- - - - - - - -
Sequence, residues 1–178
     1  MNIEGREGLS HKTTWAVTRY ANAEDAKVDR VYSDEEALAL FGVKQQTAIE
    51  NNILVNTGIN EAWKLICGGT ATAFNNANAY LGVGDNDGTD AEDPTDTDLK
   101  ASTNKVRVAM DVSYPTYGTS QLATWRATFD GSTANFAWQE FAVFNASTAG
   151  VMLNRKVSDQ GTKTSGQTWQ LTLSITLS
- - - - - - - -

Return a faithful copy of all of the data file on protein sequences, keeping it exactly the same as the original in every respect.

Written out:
Sequence, residues 1–178
     1  MNIEGREGLS HKTTWAVTRY ANAEDAKVDR VYSDEEALAL FGVKQQTAIE
    51  NNILVNTGIN EAWKLICGGT ATAFNNANAY LGVGDNDGTD AEDPTDTDLK
   101  ASTNKVRVAM DVSYPTYGTS QLATWRATFD GSTANFAWQE FAVFNASTAG
   151  VMLNRKVSDQ GTKTSGQTWQ LTLSITLS